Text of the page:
Behrman House Blog
Just Tell Me How You Feel
“We value full and straightforward communication and clear-eyed assessments, including delivering good news and bad whenever it is important.”
That’s one of our core values here at Behrman House.
It’s not always easy. I was intrigued by this article stating that the conventional wisdom about business leadership encourages people to suppress their emotions. “Suppressing our emotions is a dangerous game because it’s an illusion. We think the emotion isn’t there anymore, but it’s just gone into hiding. And now, forced to hide, it becomes petulant. If we don’t admit our feelings — at least to ourselves — they will seep out in unproductive, dysfunctional and hurtful ways.”
Here are 3 key factors I have found helpful in dealing with emotions at work or in any other interaction:
1. Recognize the emotion. Is it anger, hurt, defensiveness, intimidation, exultation? The emotion will often reveal itself in a physical reaction (a flushed feeling, a knot in your stomach, sweating, sitting forward in your chair).
2. Decide how you will react. Will you pause to collect yourself? Take a deep breath? Excuse yourself from the room for a moment? Remember only you can determine how you will act next. You control the direction the interaction will go.
3. Express yourself. Quietly and calmly tell your colleague(s) how you are feeling. You will feel the tension reduce (for all parties) and you will help establish empathy and rapport.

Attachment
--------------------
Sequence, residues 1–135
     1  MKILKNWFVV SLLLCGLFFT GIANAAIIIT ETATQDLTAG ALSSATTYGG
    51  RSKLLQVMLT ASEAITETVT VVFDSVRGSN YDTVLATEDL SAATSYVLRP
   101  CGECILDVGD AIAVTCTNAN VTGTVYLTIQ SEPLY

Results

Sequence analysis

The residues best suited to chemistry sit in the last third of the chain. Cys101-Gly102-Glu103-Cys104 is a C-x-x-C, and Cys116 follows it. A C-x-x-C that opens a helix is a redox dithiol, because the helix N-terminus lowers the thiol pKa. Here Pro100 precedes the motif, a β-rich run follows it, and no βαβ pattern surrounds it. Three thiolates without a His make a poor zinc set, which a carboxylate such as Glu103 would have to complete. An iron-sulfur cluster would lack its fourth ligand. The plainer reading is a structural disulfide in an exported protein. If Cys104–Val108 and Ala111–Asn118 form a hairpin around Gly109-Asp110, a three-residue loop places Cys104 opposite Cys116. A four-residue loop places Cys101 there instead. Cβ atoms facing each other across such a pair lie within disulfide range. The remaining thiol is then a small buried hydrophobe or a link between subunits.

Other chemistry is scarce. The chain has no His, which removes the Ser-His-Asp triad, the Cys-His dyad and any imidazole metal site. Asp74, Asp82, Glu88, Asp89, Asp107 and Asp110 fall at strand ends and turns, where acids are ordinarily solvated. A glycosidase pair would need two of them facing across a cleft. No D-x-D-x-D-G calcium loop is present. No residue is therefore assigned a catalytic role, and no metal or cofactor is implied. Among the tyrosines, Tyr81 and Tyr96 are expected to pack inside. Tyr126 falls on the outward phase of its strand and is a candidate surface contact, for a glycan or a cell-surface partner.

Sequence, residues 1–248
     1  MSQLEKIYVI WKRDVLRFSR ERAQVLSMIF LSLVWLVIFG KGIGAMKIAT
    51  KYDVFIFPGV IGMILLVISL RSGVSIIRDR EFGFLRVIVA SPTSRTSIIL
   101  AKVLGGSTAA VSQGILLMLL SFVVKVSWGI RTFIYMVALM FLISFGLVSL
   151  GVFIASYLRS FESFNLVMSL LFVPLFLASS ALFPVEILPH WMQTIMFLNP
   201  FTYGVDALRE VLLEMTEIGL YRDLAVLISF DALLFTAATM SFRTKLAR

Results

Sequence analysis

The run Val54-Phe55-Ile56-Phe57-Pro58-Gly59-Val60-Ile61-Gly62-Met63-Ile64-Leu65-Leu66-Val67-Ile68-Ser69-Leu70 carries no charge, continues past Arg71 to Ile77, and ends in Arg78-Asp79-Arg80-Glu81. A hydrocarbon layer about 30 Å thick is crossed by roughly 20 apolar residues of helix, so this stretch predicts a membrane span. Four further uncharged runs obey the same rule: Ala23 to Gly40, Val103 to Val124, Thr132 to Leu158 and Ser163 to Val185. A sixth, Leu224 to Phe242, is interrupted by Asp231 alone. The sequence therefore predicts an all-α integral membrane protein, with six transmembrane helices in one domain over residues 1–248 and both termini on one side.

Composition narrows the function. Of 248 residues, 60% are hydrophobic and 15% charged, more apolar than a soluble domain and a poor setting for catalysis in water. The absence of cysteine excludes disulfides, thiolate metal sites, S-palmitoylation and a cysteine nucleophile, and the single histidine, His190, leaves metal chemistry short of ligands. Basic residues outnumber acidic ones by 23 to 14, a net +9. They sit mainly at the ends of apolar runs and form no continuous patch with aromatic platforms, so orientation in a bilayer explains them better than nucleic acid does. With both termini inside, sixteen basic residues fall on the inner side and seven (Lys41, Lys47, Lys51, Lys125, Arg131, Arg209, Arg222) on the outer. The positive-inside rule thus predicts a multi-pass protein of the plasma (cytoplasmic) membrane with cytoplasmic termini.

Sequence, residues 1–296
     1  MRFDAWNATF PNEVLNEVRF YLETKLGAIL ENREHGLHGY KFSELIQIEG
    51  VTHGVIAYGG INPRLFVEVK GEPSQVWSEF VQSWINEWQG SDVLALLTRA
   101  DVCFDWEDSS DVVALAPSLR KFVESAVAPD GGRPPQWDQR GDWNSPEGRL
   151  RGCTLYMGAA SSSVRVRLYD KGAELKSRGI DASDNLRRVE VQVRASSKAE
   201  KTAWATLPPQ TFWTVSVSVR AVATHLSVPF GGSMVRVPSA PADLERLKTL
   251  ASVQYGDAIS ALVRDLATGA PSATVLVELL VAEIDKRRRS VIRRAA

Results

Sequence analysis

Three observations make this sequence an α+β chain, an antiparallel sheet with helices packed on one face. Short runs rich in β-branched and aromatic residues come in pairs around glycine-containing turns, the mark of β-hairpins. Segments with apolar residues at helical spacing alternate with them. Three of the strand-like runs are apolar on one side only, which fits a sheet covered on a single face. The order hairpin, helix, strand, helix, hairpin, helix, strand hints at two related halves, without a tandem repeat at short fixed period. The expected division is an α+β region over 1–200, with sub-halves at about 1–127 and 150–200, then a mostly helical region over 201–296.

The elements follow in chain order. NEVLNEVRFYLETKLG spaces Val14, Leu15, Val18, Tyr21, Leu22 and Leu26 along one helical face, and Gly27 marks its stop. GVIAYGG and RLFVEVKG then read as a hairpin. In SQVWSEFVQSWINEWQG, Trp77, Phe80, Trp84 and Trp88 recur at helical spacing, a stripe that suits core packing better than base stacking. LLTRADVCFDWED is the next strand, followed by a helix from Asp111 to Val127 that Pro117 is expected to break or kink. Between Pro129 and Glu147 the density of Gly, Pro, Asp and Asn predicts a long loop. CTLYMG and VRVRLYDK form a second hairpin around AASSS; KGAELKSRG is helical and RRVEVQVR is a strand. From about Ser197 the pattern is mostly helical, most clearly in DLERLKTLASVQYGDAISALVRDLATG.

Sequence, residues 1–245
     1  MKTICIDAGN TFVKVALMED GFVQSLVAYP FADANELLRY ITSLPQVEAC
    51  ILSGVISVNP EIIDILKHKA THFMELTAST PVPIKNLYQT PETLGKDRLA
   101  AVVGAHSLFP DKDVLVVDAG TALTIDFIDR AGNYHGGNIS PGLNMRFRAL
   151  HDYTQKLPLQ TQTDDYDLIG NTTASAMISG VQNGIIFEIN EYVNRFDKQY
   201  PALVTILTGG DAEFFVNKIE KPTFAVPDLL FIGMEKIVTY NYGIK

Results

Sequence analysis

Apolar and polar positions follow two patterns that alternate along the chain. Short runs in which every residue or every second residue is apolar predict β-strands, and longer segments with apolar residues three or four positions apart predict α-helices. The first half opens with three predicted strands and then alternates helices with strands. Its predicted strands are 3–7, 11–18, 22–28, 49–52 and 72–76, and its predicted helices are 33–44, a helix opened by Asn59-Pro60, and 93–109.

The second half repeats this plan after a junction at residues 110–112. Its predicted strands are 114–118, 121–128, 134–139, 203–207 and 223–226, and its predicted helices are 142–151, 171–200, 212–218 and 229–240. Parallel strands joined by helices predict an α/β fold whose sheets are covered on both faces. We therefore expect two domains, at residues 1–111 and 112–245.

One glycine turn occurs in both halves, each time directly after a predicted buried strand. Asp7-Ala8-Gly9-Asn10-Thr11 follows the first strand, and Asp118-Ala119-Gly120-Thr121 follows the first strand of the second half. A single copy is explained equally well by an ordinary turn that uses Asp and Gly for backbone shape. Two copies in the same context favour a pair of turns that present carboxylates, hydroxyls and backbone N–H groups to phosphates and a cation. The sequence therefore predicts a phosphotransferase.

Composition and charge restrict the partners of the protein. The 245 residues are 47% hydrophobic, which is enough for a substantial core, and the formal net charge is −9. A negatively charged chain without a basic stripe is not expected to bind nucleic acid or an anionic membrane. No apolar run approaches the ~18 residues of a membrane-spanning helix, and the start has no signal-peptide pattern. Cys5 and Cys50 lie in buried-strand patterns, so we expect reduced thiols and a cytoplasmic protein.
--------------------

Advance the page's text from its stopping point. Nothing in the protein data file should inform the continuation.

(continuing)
I saw this happen in a Leadership Group meeting here at Behrman House last week. The particular subject (it had to do with staff management) got me agitated. It came time for my opinion. First I got up to open the window. I told the group how I was feeling (rising anger, starting to sweat). I explained that the subject felt personal for me and I described an incident that led to my reaction. I saw my colleagues’ faces open up; they were ready to listen. Afterwards, one of them came to me and thanked me for the full and straightforward communication.
Says Sigal Barsade, a Wharton management professor who studies the influence of emotions on the workplace: “Everybody brings their emotions to work. You bring your brain to work. You bring your emotions to work. Feelings drive performance.”
What emotions do your staff bring to the workplace? How do you address them? Let me know and I’ll share responses (anonymously!) with others.
A lesson for us all: Just tell me how you feel. It is, I think, a sign of being a grown-up.